10 Best Places to Camp & Hike in Arizona

 

What could be better than a trip where you camp and go hiking?  I can’t think of anything better!  In Arizona, there are hundreds of places to go camping and hiking so the decision on where to go can be a bit overwhelming.  I have compiled the 10 Best Places to Camp and Hike in Arizona to make your research easier and to save you time.  These are divided into 5 areas throughout AZ- with two camping & hiking spots in each one.  Whether you live in AZ or are visiting, you will be sure to find the perfect spot to go!

As I’ve mentioned in a few other articles, there are so many places to go camping on BLM Land, National Forests, and the Wilderness Areas.   My focus was on the places where you get the benefit of camping and hiking.  There are fees associated with some of these campsites- and there are some that are free.

>>>>>Please visit this article if you want to read about all the places in AZ that do not charge a campground Fee.<<<<<

 

Canyon Country

Virgin River Campsite

The Canyon Country includes the Southwestern section of the Colorado Plateau- a place with deep canyons and high plateaus.  This area includes the north and side of the Grand Canyon, and the mountain country around Flagstaff, Williams, and the edge of the Wester Mogollon Rim.

The Virgin River Campsite is at an elevation of 1900 ft and is located in the Virgin River Gorge between the Beaver Dam and Virgin Mountains.  It is open year round, there are 75 sites (Tent & RV) and no hook ups.

The nearest trail is the aptly named, Virgin River Canyon Recreation Area Trail.  A short easy 1.1 hike that you can take your little ones on.  Dogs are allowed on this trail as well.  You have great views of the river…..and when it’s hot easy access to the water to play along the way..

Managed by the Bureau of Land Management: 435-688-3200

 

Lockett Meadow Campsite      

This beautiful and very popular campsite is in an aspen grove at the foot of the San Francisco Peaks Valley.  Many people do not know that the Peaks are actually remains of an extinct volcano. During the  spring and summer you will see blue, red and yellow wild flowers dotting the peaceful scene. The Fall is the best time to see the golden leaves of the aspen, which cover the steep slopes of the caldera.

Sitting at an elevation of 8600 feet, this campsite is open May-October (gets snow at this higher elevation), there are 17 sites, a 14 Day stay limit and is on a first come first serve basis.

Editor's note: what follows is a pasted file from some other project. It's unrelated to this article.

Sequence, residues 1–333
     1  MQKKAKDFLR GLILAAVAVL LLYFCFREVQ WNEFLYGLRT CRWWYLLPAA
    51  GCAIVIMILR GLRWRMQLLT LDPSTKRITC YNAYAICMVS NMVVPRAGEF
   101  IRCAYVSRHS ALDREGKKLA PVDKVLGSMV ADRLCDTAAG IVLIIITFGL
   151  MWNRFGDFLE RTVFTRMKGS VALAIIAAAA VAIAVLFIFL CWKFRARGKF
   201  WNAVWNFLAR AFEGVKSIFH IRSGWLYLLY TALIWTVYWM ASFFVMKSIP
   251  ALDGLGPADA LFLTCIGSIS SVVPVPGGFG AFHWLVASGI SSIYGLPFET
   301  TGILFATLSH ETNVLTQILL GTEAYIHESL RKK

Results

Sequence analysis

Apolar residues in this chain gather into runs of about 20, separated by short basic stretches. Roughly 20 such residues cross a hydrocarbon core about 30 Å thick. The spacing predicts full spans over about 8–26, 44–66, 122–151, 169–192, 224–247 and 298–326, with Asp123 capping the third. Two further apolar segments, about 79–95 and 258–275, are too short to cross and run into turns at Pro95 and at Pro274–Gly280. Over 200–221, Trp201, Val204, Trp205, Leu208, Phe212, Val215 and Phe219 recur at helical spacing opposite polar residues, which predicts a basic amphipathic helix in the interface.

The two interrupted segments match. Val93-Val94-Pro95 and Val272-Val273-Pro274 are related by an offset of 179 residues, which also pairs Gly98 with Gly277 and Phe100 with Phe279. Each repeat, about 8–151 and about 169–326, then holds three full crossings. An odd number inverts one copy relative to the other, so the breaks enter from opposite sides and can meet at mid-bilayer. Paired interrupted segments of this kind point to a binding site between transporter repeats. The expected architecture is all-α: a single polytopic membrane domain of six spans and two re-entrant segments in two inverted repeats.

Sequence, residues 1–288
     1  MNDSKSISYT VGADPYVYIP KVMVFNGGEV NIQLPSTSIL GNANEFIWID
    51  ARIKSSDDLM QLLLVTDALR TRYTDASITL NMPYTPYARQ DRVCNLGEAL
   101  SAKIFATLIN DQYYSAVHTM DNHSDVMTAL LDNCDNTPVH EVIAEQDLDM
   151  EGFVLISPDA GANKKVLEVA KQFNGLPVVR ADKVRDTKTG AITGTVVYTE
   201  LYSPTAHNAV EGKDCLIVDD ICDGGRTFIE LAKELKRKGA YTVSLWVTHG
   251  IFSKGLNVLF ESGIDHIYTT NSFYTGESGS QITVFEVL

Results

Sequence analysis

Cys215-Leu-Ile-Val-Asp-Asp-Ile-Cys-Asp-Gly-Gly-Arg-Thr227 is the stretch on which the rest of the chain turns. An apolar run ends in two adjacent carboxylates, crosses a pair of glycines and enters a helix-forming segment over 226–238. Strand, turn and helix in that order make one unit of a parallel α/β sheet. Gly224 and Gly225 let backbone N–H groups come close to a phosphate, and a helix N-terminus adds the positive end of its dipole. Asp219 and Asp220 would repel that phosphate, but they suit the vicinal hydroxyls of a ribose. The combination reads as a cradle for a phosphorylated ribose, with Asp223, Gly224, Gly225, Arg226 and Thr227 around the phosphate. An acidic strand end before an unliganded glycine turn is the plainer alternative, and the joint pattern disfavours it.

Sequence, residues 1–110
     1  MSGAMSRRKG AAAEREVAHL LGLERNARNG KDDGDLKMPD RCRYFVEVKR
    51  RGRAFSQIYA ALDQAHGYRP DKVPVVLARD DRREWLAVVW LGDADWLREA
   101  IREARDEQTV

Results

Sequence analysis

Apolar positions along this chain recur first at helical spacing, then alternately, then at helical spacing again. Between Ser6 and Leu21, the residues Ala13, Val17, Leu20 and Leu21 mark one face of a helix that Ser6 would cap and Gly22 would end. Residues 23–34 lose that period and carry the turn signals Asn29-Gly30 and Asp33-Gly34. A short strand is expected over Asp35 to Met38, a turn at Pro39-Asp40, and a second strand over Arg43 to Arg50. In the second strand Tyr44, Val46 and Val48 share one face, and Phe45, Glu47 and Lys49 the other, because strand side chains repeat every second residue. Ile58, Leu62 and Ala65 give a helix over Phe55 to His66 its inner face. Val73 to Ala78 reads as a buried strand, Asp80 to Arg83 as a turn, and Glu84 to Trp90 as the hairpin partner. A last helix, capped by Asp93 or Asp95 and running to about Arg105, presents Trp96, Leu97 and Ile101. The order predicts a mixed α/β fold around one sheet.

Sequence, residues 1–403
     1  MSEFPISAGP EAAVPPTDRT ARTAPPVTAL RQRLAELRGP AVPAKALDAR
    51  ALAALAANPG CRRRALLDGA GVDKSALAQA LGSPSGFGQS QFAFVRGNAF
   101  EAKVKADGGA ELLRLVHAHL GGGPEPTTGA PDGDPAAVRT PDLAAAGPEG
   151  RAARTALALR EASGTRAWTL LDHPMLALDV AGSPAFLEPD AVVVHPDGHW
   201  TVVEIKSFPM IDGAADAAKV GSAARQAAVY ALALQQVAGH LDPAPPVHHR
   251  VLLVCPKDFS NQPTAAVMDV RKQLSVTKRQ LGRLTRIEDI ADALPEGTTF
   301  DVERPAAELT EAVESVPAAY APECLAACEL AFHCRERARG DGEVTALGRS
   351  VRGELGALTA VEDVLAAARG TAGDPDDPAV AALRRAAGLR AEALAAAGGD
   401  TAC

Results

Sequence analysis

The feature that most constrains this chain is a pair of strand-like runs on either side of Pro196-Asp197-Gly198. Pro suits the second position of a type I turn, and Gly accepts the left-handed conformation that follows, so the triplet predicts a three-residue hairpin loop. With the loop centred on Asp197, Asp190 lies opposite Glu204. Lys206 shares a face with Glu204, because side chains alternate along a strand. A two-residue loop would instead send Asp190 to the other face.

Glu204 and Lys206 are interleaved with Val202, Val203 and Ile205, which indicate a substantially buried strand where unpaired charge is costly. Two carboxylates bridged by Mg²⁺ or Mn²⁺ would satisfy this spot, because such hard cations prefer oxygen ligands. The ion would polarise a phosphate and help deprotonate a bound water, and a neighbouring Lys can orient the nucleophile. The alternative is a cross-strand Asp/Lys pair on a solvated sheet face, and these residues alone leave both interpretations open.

From the Lockett Meadow campsite, you can begin your hike on the Inner Basin Trail #29 .  Trail #29 connects to the Weatherford Trail in 3.9 miles and then leads into the Inner Basin on the eastern slopes of the San Francisco Peaks. Some of these trails are open to Mountain Bikers as well.

For more information, please call Coconino National Forest (928) 526-0866 or visit the National Forest website.

 

Indian Country

 

This country is the home of the Navajo Nation- which is the largest Native American reservation in the U.S.  Many Navajo still live as herders of sheep, goats, cattle and horses.  Navajo families live in modern houses, but there are some that still live in traditional mud and wood hogans.  The plateau is home to the Hopi Tribe and the town, Old Oraibi is the oldest continuously occupied settlement in North America.

 Cottonwood Campsite

Located near Chinle, at Canyon de Chelly National Monument.  Perfect campground for exploring Canyon del Muerto and Canyon de Chelly, these two amazing canyons make up the national monument.  The campsite in Cottonwood is at an elevation of 5,500 ft ,  open year round, has 104 tent/RV sites, no hook ups, and has a stay limit of 14 days.  Must make a reservation for groups..

You can walk along a paved road that follows the rim or explore the bottom of the canyon with a Navajo Guide.   The White House Ruin Trail is an out and back 2.7 mile trail that gets a moderate amount of traffic.  This scenic trail is primarily used for hiking, walking, nature trips, and birding and can be accessible year-round.